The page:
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Didn’t want to read and run, I hope this half term sees them settle a bit more. I can only imagine how much of an adjustment it must be for everyone. Sending lots of love to you all! 

 

I guess the thing to remember is that there isn’t just one path to following a dream - they clearly have the talent to pursue dance if they want to, so if it all does become too much I think it’s important to see it as an option explored - they can always go to a different school, continue to work hard at their dancing and try again in a few years. 
 

I do hope they settle and find their feet though, sometimes it just takes the right person to say the right thing at the right time and I hope they find that x 

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From what I have seen of my daughters' friends who have been homesick, the ones who sometimes feel a bit sad and otherwise love it improve and stay, but the ones who are constantly upset tend to leave in the end. Of course it will be different for every child, but there were some who were desperately unhappy for months and even years before finally leaving and becoming happy again, and I found that quite heartbreaking to watch. I think you need to be led by your child. If they insist that it's where they want to be, try and find ways to help them feel happier, but if there's a sense they really don't want to be there, don't make them go. They only have one shot at secondary school, and who wants it to be miserable.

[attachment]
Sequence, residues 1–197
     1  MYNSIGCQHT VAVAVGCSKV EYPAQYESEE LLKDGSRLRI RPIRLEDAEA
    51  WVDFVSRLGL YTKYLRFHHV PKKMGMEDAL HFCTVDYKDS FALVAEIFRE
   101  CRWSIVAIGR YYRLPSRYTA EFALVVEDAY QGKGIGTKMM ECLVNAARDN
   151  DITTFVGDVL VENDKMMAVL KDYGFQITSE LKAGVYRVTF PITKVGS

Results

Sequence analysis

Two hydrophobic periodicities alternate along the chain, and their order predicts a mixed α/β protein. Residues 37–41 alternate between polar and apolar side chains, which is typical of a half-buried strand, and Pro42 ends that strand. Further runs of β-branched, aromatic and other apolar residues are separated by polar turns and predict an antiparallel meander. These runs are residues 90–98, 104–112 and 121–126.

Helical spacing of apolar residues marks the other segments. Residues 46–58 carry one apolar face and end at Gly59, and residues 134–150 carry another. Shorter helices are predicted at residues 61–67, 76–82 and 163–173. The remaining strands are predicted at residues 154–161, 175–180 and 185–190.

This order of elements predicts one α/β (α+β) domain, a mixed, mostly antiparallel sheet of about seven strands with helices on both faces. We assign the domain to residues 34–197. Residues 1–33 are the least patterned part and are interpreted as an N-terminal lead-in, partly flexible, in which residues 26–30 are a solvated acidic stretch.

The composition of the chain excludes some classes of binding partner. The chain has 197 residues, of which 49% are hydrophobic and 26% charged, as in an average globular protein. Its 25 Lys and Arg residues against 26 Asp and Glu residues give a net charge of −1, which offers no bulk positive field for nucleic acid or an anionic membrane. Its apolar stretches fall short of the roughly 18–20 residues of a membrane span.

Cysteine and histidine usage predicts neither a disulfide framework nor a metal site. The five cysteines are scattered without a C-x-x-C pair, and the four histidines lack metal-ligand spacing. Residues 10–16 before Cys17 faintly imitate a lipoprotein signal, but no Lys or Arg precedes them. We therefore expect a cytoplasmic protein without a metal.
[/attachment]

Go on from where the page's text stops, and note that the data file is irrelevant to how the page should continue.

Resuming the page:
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How heartbreaking for you and you child @Howdoyouknowwhentoquit.

 

I can't claim direct experience as my dd didn't go to vocational school until she was 16, but she still suffered with homesickness and in the end used to come home every weekend.  It worked for her, but was only possible because we weren't too far away and she was old enough to travel on her own.

 

As others have suggested I would reach out to the pastoral staff at the school and seek their help.  Make it clear that this is more than just a temporary blip and is becoming all consuming.  You really want to try to get them out of that negative spiral as soon as possible.